Five years ago I was at a crossroads. I had left publishing, a career I loved, to work as a computer programmer. This decision was purely financial. In 2000, my wife as a high school teacher made almost double what I made as an editor. We would never have a home, or a family, or savings, or all sorts of things if I continued working in publishing. Needless to say, but I made good money as a programmer.
But I hated it.
Many people like programming. There are many who even have a passion for it. I'm not one of them. I needed to get out. This put me at my crossroad.
Moving to a different programming job wouldn't be sufficient. It wasn't the work, it was the career. It and I did not match. Going back to publishing was an option, but there was the financial concern. So, I needed to find a career where I could have passion AND make a decent wage. I chose librarianship.
I love books. I love reading. Yes, a library is more than that, but I don't know if you can dislike books and make it as a librarian. More than liking books, I had worked on books. I knew that side of the business which is something many (if not most) librarians don't have. I also had a background in programming, which in these days, is a great benefit to have as a librarian as more and more things become electronic/digital/online/etc. these days. Plus, the pay was pretty good.
Don't laugh. My first job as a full-time librarian earned almost double what my last job as an editor did. Whether that says more for the dire state of publishing salaries or the implied lucrativeness of being a librarian, I don't know. Regardless, once the decision was made, it was time to go back to school, earn my Master's in Library Science (no matter what my alma mater thinks about the word 'library'), and move onto a new career.
I didn't come to libraries by accident. I didn't come to libraries because I had previous experience working in one (in fact, that lack of experience may be a benefit for me in the long run). I didn't come to libraries because I went to library school straight out of college. I chose to be a librarian. It's who I am. No matter what accolades I may earn (that's not me in the photo), I will always think of myself as a librarian first, everything else second.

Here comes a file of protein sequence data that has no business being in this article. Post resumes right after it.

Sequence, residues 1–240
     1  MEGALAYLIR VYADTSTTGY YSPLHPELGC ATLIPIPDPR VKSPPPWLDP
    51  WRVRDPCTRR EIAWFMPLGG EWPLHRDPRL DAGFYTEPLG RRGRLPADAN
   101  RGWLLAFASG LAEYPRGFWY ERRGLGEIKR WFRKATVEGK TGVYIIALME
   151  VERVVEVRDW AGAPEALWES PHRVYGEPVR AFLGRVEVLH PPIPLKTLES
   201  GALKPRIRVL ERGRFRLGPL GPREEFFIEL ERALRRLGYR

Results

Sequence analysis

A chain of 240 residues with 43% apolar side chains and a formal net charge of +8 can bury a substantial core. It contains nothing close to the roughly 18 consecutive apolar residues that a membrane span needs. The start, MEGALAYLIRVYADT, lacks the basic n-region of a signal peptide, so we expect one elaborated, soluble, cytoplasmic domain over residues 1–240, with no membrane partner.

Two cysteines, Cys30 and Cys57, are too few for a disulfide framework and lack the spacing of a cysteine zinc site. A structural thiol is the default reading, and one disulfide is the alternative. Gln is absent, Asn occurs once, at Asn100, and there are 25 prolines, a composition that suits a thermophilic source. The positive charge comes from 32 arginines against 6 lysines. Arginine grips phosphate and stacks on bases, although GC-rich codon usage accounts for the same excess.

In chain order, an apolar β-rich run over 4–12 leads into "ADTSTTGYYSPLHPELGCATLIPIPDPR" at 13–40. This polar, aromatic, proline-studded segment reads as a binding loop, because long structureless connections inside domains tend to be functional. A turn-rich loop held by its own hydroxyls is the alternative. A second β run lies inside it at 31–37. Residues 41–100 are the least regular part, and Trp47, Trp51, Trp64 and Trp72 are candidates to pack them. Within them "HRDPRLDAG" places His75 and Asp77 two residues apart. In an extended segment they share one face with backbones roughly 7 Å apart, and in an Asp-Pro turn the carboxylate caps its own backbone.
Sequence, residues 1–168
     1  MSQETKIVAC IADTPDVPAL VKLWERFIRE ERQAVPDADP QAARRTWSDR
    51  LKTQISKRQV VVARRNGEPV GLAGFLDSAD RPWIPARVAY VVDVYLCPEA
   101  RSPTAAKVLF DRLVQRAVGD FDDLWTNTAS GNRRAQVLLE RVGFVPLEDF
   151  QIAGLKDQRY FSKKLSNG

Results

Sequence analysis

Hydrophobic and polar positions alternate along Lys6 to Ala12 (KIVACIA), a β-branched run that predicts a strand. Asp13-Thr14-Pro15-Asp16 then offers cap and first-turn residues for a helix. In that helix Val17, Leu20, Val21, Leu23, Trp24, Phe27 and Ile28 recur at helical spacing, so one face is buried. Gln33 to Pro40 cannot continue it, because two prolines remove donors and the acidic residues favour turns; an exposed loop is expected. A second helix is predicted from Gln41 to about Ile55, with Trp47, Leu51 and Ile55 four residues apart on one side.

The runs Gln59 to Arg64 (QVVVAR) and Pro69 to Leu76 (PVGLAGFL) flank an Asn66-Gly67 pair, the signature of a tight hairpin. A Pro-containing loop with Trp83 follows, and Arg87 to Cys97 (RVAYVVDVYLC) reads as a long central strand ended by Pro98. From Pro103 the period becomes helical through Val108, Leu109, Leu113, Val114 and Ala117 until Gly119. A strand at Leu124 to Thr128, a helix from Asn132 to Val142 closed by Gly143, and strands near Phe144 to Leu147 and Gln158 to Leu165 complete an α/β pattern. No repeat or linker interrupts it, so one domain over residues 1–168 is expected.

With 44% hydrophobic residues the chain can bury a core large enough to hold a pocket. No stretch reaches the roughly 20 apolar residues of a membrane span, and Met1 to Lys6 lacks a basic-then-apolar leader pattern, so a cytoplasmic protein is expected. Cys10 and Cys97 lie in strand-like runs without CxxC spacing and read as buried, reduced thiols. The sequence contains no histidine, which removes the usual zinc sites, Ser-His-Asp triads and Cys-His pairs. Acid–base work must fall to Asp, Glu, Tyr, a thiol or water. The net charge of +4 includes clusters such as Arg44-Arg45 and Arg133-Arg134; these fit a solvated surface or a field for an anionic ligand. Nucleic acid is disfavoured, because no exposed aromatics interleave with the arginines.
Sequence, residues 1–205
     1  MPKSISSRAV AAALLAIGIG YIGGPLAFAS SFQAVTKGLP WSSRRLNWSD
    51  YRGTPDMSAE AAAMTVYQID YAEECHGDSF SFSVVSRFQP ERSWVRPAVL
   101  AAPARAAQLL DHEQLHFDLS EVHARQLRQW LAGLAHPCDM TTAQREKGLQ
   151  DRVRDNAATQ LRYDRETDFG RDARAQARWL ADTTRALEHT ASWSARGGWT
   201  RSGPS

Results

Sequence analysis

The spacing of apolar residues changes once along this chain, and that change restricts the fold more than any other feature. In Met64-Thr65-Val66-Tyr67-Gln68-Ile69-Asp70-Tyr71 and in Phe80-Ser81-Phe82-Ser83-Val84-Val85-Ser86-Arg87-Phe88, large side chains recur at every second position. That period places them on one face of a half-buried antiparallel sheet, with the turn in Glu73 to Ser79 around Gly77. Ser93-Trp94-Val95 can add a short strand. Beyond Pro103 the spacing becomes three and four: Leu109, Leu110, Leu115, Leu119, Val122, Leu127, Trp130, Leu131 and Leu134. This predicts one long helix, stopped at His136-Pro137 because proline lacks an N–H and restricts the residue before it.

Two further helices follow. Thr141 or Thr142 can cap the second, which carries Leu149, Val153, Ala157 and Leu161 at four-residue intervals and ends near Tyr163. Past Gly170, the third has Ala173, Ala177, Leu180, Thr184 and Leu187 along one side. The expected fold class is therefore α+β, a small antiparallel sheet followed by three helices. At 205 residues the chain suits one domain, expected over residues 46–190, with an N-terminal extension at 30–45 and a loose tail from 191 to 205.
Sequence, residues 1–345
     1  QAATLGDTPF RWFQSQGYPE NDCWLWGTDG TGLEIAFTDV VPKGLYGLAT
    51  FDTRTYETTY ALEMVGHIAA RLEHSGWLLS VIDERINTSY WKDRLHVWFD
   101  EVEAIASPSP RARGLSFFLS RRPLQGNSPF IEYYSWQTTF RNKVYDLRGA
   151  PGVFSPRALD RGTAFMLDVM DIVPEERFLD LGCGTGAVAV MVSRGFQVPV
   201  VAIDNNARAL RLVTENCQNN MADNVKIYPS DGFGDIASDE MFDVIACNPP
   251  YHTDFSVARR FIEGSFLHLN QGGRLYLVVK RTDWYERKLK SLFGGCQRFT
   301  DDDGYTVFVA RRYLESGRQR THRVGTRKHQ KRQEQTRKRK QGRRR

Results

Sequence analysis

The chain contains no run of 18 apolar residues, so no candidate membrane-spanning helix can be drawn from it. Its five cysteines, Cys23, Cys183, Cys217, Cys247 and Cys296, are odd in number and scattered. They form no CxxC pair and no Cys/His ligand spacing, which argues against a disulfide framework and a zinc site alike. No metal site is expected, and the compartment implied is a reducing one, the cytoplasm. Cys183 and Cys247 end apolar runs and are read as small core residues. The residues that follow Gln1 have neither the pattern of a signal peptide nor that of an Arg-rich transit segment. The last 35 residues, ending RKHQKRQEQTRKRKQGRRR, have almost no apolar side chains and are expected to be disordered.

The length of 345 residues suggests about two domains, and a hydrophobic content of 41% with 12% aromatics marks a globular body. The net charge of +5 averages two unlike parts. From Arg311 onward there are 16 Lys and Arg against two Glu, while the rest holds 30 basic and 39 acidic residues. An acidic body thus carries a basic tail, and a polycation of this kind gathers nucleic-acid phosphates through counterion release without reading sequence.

That's why I think this article is great. Of course, being on the Huffington Post means that only a certain group of people will see it. And it's also written because this is National Library Week. On any other week I doubt that Mr. Brodsky--no matter his love and devotion to libraries--would write this. Even if he did, would Huffington Post run it on a different week? Probably not.
One of the big reasons is the prevailing mentality that everything is online. Even pro-library people (and librarians) have this opinion that everything is online. Brodsky writes (emphasis mine):
But it would be a mistake to say that the Internet replaces libraries. It doesn't. It's an adjunct. More than one budget officer has said that people don't need libraries because they can go online. First, many people can't go online due to their economic circumstances. Second, librarians help to guide research. A simple online search will not always achieve desired results, as anyone who does this well knows. And libraries still have those quaint old things called books, many of which aren't online. The printed medium still has a lot of attraction for many, from the youngest readers whose parents check out armloads of picture books, to the serious readers and researchers who realize there is more to find than what's online.Just as important, just because you can go online and use Google, doesn't mean you can actually write a good search query, or interpret your search results with any alacrity. That's where we come in. Sure, I still get people calling for phone numbers and hours of businesses, but more often the reference questions are more complicated and require someone with some searching skill and tenacity to find the answer.
I'll close the same way the article does (again, emphasis mine):
No less an authority than Keith Richards put it best in his forthcoming autobiography: "When you are growing up there are two institutional places that affect you most powerfully: the church, which belongs to God, and the public library, which belongs to you. The public library is a great equaliser."